Tag Archives: cerebral palsy

Pneumonia, again

A couple of weeks ago, Katie got pneumonia again. The first time she had pneumonia, I was warned that her lungs were likely not ever going to be as strong as they were before, that every time it would be worse. But I expected her to stay healthy for more than two weeks.

I had started the conversation with palliative care on her prior hospitalization. Not because I didn’t expect her to get better, but because I have been in a frame of mind for quite some time that centers on Katie’s quality of life, rather than the quantity. Palliative care does not mean refusing treatment that would save her life. It really just means focusing on comfort care over aggressive treatments that could be traumatizing and leave her with a reduced quality of life from what she started with.

Somewhere over the last few months, Katie lost the ability to control her swallow, to protect her airway. So, she got pneumonia because food, or saliva, or who knows what got into her lungs. And she went to the hospital. And she was intubated for – 4? – I think it was four days. And she got better, and worse, and better, and worse. And better, but then had other interesting problems because now she can’t eat. So now we get to try to figure out what and how much formula to give her by g-tube. We were only giving her water and a little formula before. So, even though she’s had a g-tube for over ten years, I’m a newbie with this.
When she got sick again so quickly, I made sure to include palliative care right away. After a lot of discussion, I decided not to let her be intubated. I decided to take her home, because I would rather she be in a peaceful and familiar place, a comfy bed, and not in the place she so vocally hated.
The palliative care doctor came along. Yeah, wow – house calls? Well, with pediatric palliative care, where we live – yes. House calls. He was available to give her meds if she started getting distressed. He didn’t think she’d make it through the night.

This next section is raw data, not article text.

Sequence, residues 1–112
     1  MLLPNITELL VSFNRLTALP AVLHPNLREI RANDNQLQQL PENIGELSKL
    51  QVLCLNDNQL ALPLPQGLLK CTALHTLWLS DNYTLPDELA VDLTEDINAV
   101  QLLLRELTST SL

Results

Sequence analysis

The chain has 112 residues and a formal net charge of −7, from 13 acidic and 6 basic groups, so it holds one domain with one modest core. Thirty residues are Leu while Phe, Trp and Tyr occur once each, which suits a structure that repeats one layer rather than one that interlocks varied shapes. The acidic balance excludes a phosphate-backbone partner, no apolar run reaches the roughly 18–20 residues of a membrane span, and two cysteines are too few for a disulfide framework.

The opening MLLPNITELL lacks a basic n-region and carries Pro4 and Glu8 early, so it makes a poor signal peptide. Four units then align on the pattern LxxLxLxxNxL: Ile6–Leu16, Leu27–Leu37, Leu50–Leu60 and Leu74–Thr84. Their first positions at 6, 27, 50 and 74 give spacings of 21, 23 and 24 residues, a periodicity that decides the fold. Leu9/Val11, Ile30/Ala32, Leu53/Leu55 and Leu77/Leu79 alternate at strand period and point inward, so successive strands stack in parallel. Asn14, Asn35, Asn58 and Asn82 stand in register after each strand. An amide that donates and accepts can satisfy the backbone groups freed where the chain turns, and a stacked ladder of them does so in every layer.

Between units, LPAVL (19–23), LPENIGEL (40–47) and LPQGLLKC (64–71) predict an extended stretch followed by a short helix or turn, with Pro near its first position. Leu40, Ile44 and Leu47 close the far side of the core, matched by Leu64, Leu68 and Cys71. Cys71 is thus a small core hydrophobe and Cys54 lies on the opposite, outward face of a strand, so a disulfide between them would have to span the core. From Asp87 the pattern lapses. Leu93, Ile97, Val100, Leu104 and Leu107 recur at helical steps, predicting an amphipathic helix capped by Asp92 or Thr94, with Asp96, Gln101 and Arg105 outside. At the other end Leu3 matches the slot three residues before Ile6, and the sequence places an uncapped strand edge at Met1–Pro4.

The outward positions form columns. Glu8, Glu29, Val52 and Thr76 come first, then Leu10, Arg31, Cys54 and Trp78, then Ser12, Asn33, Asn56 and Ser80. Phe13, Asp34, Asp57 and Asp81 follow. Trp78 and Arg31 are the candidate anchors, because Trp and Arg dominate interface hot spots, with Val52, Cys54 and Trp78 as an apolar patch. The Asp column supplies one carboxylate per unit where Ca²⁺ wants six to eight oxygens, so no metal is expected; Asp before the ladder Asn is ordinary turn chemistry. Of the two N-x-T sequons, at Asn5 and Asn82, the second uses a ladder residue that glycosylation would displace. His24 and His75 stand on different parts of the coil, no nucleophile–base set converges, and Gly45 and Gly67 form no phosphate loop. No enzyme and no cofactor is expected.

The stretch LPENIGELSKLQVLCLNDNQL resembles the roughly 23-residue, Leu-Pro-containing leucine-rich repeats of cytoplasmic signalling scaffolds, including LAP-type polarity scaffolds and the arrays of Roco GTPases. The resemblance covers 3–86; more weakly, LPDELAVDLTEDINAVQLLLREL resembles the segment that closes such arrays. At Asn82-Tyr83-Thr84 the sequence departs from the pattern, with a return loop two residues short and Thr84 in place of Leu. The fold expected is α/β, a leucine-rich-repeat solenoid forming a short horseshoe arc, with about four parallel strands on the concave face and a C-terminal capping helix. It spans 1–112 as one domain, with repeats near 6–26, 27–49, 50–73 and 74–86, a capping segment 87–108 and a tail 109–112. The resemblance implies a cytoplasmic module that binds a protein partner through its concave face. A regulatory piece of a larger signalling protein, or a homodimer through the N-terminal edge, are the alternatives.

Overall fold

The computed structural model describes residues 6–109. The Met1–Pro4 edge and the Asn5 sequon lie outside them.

She did, though. She kept breathing. Family came to tell her good bye. And the next night, she was still breathing. And the next. And then, she actually seemed to be getting a little better.
A week went by, and it was clear that she had decided to beat the pneumonia. All on her own. No intubation, no arterial lines, no oxygen (she HATED the oxygen mask last time – if she could voice words, I’m certain they would have been inappropriate for a children’s hospital.)
She isn’t back to her old self, and I honestly don’t know if she ever will be. But she’s breathing. She’s showing some interest in the things that interested her before, although she doesn’t express quite as much. I don’t know if we get a day, a week, a year before we go through this again. What I do know:
_ The grandparents are a hell of a lot stronger than I have given them credit for. I was afraid one of them was going to keel over from the stress, but I think I was the closest to having that happen.
– While my husband mostly lets me drive the ship, he will step up when I can’t find my voice
_ When people don’t know what else to do, they offer food and prayer.
_ I will never, ever in my life stop hearing the sound of my own voice answering the DNR questions in the ICU
_ My soul-sister special mommies contemplating hopping a plane to come support me… My bff responding to my asking her to come at the end of the work day with ‘I’ll be there in five minutes’… my other bff popping up with hot cider and a fanciful story I made up about Kate years ago and had totally forgotten… another bff popping up with food and showing her mommy heart, lavishing some needed fun and attention on my other beautiful little ‘un, my other bff showing up with a care package that included foods I loved when I was a ten year old…
_ I have an amazing tribe. I am so blessed.

All I want for Christmas

Does anyone else dread being asked what their kids want for Christmas?